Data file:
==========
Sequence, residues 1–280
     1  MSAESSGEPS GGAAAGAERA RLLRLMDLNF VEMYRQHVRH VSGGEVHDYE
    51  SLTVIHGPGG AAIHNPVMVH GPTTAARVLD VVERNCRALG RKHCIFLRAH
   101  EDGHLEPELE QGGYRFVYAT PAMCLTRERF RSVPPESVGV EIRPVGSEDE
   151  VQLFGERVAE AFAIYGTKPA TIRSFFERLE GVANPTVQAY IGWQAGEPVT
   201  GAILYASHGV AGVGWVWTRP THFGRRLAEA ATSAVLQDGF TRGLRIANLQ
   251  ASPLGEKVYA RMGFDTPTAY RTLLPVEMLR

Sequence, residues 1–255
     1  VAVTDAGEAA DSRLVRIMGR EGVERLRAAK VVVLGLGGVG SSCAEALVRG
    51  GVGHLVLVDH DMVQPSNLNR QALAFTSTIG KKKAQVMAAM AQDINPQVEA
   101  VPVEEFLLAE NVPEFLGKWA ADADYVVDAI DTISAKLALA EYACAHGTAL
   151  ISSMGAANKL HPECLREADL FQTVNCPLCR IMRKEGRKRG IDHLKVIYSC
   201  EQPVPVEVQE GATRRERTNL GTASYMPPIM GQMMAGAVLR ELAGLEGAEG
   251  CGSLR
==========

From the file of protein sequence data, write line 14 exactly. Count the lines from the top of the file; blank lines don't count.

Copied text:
   251  CGSLR